November 8, 2005


Tories leave Blair on a knife edge: The Government faces humiliation if it fails to win vote over terror suspects (Philip Webster and Stewart Tendler, 11/09/05, Times of London)

TONY BLAIR is facing a cliffhanger vote today over the 90-day detention of terrorist suspects after the Conservative leadership stuck to its opposition to the plan.

A meeting of the Shadow Cabinet decided to hold firm to its line that 28 days should be the maximum period of detention under the Terrorism Bill, in spite of concerns among Conservative MPs that they should not be going against the wishes of the police.

The Tory whips were claiming last night that they had hardened the resolve of doubtful MPs by emphasising that giving way would allow Tony Blair a decisive political victory.

Anyone still care to argue that the Tories are to Tony Blair's Right?

Posted by Orrin Judd at November 8, 2005 11:58 PM

What is instrinsically conservative about letting the police decide how long they get to suspend habeus corpus for?

Posted by: Peter B at November 9, 2005 4:23 AM

Peter is right. This might, unfortunately, be a necessary measure. But there's nothing inherently 'Churchillian' about it.

Posted by: Brit at November 9, 2005 7:00 AM

It certainly is a Churchillian bill. Look at what Winston did or advocated in both world wars regarding treatment of enemies. To think he would hesitate about a 2 month period like this is silly.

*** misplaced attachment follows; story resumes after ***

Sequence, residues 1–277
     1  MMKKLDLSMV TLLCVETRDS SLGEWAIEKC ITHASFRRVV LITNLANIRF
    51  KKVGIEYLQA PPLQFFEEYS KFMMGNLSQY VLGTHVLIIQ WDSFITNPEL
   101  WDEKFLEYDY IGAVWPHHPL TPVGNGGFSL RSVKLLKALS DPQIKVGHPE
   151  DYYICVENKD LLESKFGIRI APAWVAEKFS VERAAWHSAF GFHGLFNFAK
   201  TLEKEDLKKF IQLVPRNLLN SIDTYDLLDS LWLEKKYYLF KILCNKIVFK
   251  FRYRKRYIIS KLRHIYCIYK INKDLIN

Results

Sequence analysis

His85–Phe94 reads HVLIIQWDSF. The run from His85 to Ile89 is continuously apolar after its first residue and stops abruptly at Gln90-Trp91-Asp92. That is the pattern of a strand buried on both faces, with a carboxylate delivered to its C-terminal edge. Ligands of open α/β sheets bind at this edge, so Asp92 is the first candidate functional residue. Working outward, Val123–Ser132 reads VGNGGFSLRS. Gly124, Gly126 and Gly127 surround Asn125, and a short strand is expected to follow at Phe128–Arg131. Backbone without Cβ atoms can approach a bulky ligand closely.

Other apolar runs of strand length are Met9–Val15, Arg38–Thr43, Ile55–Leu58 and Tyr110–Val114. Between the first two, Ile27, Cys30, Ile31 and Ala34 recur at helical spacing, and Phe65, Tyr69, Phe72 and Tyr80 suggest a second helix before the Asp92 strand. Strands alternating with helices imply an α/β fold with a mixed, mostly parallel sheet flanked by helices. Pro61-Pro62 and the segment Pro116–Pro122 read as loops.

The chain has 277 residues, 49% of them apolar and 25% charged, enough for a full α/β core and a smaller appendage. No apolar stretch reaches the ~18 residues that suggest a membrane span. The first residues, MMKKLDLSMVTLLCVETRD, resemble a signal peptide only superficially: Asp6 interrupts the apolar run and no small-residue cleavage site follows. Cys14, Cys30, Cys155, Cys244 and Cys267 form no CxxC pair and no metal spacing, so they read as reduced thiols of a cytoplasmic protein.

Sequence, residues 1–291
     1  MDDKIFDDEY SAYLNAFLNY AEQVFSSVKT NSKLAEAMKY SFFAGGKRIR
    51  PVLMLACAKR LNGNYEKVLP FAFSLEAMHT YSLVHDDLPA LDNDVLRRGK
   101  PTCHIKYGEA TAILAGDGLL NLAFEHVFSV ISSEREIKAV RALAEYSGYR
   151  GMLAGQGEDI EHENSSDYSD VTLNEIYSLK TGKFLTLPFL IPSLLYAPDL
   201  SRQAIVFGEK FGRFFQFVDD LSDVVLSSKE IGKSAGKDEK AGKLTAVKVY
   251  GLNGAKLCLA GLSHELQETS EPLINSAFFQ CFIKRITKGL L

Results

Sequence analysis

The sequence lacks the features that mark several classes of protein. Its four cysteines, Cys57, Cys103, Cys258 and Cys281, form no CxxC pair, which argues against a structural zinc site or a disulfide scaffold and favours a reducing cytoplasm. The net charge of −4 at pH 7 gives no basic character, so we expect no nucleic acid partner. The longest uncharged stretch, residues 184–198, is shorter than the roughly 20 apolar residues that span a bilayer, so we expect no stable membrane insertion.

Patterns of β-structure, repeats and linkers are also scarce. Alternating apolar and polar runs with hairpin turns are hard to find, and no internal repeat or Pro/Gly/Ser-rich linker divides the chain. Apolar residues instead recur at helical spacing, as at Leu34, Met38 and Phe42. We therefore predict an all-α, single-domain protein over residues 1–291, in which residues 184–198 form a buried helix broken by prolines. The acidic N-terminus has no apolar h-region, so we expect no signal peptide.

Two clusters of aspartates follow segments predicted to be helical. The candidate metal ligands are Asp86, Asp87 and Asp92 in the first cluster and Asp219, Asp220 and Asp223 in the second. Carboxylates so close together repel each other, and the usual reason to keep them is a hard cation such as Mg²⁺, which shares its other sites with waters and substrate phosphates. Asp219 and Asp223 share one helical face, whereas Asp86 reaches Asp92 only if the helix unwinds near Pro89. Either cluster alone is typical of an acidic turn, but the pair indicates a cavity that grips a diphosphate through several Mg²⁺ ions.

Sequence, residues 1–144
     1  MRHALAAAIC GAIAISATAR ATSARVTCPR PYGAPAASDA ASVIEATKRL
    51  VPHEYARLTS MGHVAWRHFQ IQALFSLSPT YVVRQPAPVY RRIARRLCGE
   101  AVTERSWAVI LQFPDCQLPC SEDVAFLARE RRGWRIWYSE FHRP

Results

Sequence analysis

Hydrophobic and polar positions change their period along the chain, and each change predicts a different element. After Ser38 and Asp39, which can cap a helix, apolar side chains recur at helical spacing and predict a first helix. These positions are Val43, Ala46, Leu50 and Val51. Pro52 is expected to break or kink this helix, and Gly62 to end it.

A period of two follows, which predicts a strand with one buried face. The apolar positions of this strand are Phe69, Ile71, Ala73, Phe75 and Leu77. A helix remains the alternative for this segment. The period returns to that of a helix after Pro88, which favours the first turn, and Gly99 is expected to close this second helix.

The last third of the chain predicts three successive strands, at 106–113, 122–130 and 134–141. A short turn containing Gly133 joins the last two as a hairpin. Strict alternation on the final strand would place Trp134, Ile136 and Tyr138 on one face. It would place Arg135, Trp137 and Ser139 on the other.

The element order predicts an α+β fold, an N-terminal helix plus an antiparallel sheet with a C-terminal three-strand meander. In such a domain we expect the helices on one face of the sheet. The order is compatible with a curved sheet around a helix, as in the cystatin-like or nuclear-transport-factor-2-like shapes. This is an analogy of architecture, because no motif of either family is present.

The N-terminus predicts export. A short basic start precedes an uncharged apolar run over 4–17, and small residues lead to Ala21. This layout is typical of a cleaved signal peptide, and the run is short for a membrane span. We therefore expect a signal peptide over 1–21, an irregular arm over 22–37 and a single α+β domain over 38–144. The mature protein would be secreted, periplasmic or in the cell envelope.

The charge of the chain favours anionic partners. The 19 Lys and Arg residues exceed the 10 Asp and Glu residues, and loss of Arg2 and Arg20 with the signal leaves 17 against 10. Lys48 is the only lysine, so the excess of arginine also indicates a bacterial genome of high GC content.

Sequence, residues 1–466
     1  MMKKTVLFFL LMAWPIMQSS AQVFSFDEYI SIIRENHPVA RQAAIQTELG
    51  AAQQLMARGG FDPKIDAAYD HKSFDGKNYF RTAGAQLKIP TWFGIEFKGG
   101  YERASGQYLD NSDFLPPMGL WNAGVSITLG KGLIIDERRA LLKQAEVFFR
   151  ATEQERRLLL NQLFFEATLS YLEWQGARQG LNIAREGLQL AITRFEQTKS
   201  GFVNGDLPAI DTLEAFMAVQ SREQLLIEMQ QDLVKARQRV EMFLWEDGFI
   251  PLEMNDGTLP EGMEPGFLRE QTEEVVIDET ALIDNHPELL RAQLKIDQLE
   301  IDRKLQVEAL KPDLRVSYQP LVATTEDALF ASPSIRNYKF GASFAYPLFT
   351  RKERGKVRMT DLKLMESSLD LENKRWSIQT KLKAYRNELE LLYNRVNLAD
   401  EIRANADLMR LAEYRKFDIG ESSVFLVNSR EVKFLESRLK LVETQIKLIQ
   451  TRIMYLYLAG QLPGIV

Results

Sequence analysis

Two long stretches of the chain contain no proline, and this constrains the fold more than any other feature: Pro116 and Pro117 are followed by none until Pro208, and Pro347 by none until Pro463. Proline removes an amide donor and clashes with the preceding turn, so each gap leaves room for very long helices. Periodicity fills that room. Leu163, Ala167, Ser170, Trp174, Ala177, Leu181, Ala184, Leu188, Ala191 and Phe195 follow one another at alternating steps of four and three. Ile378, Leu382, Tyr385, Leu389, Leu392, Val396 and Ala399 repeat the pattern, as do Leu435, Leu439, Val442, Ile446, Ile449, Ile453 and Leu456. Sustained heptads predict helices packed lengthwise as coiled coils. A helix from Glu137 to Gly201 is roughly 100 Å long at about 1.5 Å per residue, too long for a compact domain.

The Tories are going back to an older form of conservatism, I think it is called Chamberlainism.

Posted by: Bob at November 9, 2005 10:04 AM

I've noticed that with Americans, everything related to British politics has to be either "Churchill-like" (good) or "Chamberlain-like" (bad).

That dichotomy is one hell of a powerful meme. Almost Churchillian in its power, you might say.

Posted by: Brit at November 9, 2005 11:10 AM


Some of them, with flushed face and quickening pulse, are also partial to "Thatcherite".

Posted by: Peter B at November 9, 2005 12:25 PM

The refusal to conserve your own country in the face of terror is certainly not conservative. Note that Kim Beazely in Australia made Labour join John Howard, but he's grasped the inevitability of the Third Way long before the Tories or Democrats have.

Posted by: oj at November 9, 2005 1:46 PM


Agreed that national security comes first and that "rights" are subject to that imperative. That is indeed a conservative viewpoint. My problem is more narrow. Why accord default credibility on the trade-offs to the police?

Posted by: Peter B at November 9, 2005 5:15 PM

The effect of a speedy trail rule in a system of criminal procedureis to compel the government, the people who are here to help us, to do their jobs in a timely manner. If they do not do in promptly, the rules say, they may not do it at all. If they are not doing their job, the politcal process provides for their removal.

In the absence of a speedy trial rule, the organs of state coercion will concentrate of grabbing up suspects--clearing cases--for this is what the public demands ahead of disposing of the cases of those already grabbed up.

Insisting on prompt disposition of pending cases is a proper function of the legislature, and if the legislature is corruopted by the public preference of arrest over disposition, of the judiciary.

Posted by: Lou Gots at November 10, 2005 11:01 AM